When it is desired to t the gripper over an I beam having a different vertical thickness of ange 23, as viewed in FIG. 3, a diterent thickness of shim 29 is inserted in the assembly to accommodate for this difference in thickness. When it is desired to ft the gripper to an I beam having a different horizontal width of I beam flange, then the bolts 32 in the cross plate 30 are placed in different holes 33 corresponding to the different width of the I beam.

It will be appreciated by those skilled in the art that various modifications can be made in the gripper mechanism without departing from the true spirit and scope of the invention. For example, it is readily apparent that one channel member 20, or equivalent C-shaped member could be used instead of a pair of members. Further, it is readily apparent that these members need not be straight, but can be curved to fit any particular surface desired. Any type of motor can interconnect the gripper and the object to be moved. It is also obvious that the shims and bearing strips could be dispensed with and the tube could bear directly against a rib of the channel member.

For these and various other reasons the invention is not limited to the specific embodiment illustrated but includes all variations and modiiications that fall within the true spirit and scope of the invention.

I claim:

' 1. A gripper for gripping a anged member comprising:

(a) a pair of elongated channels each having spaced ribs to t over the flanges of the member;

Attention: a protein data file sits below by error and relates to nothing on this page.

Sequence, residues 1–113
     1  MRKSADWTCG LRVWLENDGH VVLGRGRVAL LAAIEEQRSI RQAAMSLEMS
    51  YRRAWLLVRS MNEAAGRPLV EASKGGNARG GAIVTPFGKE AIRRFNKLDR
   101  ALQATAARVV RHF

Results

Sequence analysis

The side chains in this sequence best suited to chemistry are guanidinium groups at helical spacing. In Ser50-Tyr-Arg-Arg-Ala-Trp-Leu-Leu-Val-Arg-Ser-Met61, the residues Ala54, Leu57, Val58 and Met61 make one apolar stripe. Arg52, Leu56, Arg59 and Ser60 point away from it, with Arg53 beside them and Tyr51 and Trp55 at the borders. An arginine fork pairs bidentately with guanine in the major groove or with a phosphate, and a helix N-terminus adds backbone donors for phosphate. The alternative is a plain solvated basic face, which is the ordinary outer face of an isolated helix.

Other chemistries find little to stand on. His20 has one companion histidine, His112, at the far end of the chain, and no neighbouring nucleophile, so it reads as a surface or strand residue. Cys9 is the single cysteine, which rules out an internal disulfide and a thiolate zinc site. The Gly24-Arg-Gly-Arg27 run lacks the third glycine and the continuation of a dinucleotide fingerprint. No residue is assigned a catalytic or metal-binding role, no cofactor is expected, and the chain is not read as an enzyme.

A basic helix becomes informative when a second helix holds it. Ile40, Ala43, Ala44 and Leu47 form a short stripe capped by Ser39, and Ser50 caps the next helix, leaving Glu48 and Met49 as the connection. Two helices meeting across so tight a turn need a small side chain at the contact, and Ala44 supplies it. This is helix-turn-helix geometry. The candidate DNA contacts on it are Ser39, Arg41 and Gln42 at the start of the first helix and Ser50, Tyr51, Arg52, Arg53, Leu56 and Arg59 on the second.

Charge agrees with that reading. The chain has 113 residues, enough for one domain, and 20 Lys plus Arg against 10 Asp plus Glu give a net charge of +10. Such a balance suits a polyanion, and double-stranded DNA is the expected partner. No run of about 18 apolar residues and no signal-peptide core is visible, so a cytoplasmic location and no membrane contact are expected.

(b) a cross plate connecting the two channels;

(c) a flexible attened tube in each channel disposed between one rib of the channel and the ange to be gripped; and

(d) means for connecting the attened tubes to uid under pressure, said flattened tubes tending `to assume a round cross section under pressure to move one rib of the channel away from the ange to thereby cause the other rib to press against the tiange to grip it.

2. A gripper as set forth in claim 1 wherein a shoe is disposed in each channel between the tube and the flange and is interlocked with the respective channel against longitudinal movement, whereby longitudinal forces applied to the gripper are absorbed by the shoe and the tube is free of them.

3. A gripper as set forth in claim 2 wherein mechanical means are provided for moving each shoe toward said one channel rib so that clearance may be obtained by compressing the exible tube so that the entire gripper may be moved off or on a flange of a member.

4. A gripper as set forth in claim 1 wherein a shim is disposed between the tube and the one rib of each channel so that the channels can accommodate anges of different thickness.